|Kate and her daughter at the Colonial Craftsman |
Weekend at Jerusalem Mill Village
by Kate Dolan
My packing list includes a basketful of petticoats and a sugar axe—not what most people typically bring when they go camping, but this is not a typical camping trip. I’m headed to the Ft. Frederick Market Fair, an event which evokes the atmosphere of an 18th Century colonial village. I’m a reenactor without a gun.
We’re not attempting to recreate a past battle or specific historical event. Rather we’re trying to recreate, as much as possible, a bit of everyday life in the 18th Century. This includes cooking over an open fire, sleeping in shelters or barracks that were used during the time period, and avoiding modern conveniences as much as possible. And we do it all wearing 18th Century clothing, which isn’t that big of a problem unless you have to get somewhere in a hurry.
My family and I only camp at a couple of such events each year, so I’m not the most experienced “primitive” camper on the block, but we’ve been doing this for eight or nine years so I generally know what to expect at an event.
I know that if we’re cooking, we’ll need a lot of firewood. And that means I’ll need someone to collect it, replenish the supply, and most importantly, to split the big hunks into small chunks about the size of a small box of spaghetti. Those small chunks start to burn quickly and help keep a fire at an even temperature. This is really important when cooking things like pancakes and bacon. (The pancake recipe is period-correct; the modern bacon really isn’t but we like it too much to leave it off the menu!) By contrast, baking something like an apple pie requires a big, long-burning fire that produces lots of red-hot coals. Then even after cooking, you need to keep the fire going to heat water to wash the dishes. Over the course of a day, it’s a lot of wood.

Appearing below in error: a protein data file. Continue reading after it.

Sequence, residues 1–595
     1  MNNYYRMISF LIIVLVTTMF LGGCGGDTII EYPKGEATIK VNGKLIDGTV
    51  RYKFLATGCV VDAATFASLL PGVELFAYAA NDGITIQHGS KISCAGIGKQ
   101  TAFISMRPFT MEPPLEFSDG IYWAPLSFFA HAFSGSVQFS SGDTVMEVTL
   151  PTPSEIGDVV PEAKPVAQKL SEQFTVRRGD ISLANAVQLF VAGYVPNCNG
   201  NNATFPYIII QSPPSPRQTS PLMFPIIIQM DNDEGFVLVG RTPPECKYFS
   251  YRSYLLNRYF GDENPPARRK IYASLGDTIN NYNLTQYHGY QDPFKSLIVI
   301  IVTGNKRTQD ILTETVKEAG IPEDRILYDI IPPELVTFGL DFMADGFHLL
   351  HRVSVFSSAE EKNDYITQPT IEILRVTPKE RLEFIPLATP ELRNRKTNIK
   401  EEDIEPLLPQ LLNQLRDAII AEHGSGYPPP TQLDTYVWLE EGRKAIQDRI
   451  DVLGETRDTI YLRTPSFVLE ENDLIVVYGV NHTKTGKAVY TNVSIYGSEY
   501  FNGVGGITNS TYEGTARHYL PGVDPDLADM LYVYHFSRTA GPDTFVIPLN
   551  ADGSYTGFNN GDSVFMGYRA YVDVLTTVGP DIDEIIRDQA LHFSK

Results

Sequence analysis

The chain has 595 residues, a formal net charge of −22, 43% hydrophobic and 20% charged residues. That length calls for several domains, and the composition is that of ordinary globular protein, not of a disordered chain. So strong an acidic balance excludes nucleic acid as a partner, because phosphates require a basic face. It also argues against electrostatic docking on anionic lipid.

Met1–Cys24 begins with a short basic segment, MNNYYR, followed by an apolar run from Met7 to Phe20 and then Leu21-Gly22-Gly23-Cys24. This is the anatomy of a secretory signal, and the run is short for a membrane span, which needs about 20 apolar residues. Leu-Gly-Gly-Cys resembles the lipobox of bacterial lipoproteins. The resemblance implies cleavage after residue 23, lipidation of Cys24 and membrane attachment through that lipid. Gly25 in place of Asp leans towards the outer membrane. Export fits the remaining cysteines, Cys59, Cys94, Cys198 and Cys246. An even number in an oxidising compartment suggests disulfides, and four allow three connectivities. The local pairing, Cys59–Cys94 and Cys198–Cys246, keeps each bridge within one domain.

The registration fee at most events includes firewood, and there’s usually enough for everyone, but there’s no guarantee that it’s dry or that it will stay that way, so some people will start to hoard wood as soon as they set up camp. Sometimes roving gangs of oversized children go around trying to sell firewood, but we try to steer them to more honorable pursuits like stealing laundry (more about that later).